The Ramcharger and I had somewhat of a bond, I guess you could say. It would tell me secrets of the car world, the behaviours of steel, the state of tune of each of its eight copious cylinders, the crisp taste of cold, dense air speckled with morning dew being hoovered down its long, straight intake runners. Today, the Ramcharger was telling me something completely different, and I didn’t like what it meant for our relationship.

We were somewhere around Barstow, on a sweeping cloverleaf, when the R-comps began to take hold. I could feel the suspension protest as I altered in mid-corner my line of attack from “early apex” to “sweet Jesus don’t let me die like this.” For my efforts, I was rewarded with a chance to shoot past the halted interstate traffic, riding the rumble strips in the shoulder with impunity as the twin-tube Fox shocks absorbed all but the eyeball-jiggliest of the road’s unyielding impacts on the truck.


Spotting two self-driving Priuses in close formation, I honked and swerved at them, triggering the self-preservation logic matrices to surrender their positions in traffic. They split like the Red Sea, and I was once again on the parched tarmac of the interstate, all four race-compound tires hungrily gripping dry road surface. I could sense that the last few minutes of slip angle had finally dumped enough heat into their carcasses to withstand a full throttle launch, and immediately complied, the occupants of the carpool lane diving for cover through flappy-stick barriers as they saw two tons of American chrome-imitation steel appear in their rear view mirror at the approximate differential speed of an exploding sun.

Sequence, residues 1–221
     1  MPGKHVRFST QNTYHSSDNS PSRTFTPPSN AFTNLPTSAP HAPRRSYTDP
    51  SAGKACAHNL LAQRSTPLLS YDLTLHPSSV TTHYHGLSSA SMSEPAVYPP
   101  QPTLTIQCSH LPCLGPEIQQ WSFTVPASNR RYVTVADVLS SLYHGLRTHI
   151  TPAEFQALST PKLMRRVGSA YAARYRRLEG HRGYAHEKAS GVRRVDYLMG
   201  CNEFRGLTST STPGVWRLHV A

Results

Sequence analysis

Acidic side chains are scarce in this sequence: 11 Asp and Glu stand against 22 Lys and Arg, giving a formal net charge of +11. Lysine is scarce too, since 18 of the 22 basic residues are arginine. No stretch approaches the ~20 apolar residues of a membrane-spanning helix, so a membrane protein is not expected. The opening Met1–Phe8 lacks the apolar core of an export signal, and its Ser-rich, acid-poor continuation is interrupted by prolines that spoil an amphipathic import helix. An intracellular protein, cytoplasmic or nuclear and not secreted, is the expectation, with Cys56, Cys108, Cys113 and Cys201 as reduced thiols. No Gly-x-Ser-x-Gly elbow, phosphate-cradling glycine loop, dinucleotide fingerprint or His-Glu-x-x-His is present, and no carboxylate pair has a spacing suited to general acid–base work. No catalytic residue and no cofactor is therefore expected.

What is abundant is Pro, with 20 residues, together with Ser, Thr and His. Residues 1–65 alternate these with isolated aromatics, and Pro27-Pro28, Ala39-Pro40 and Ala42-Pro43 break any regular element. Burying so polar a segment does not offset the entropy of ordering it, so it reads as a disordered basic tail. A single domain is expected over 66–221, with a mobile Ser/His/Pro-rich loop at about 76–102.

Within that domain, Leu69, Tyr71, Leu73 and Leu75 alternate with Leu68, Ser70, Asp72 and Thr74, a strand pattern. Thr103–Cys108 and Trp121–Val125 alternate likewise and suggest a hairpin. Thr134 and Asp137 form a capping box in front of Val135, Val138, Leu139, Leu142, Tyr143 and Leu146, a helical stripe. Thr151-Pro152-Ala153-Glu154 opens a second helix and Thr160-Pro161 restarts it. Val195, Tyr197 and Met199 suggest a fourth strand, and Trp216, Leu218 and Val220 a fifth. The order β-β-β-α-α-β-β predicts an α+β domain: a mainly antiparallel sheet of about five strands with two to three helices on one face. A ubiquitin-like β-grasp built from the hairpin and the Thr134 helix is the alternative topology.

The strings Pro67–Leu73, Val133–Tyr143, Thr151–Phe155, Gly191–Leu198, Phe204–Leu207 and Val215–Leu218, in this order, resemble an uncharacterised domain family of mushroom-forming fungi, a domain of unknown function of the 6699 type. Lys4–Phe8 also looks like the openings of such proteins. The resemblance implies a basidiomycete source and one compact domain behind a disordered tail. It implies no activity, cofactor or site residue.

But all fun must come to an end sometime, and I found myself hard on the six-piston carbon-ceramic front brakes as I dove again for the exit, leaving a scattered trail of confused autonomous cars behind me. The Ramcharger’s 440 turned from a screaming fit to a low grumble as I geared down for the light and slid it into the parking lot.

At last, I thought. I had arrived just in time for the latest batch of hot soft pretzels. All I had to do was make it to the food court.

I jumped out of the Ramcharger, lifting myself above the nerf bars and landing in a perfect Olympic gymnast routine, then snugging the cords on my car-themed hoodie as I began my now all-too-slow walk towards carbohydrate heaven. I could taste it, I lived for it, I breathed it. I salivated. Ever closer came the mall doors, and with it, redemption in the food court of our lord.


What I heard next chilled my blood. A slow drip. The sound of fluid hitting tarmac. Before I looked, I already knew what the problem was. That fucking oil pan gasket had come unsealed again.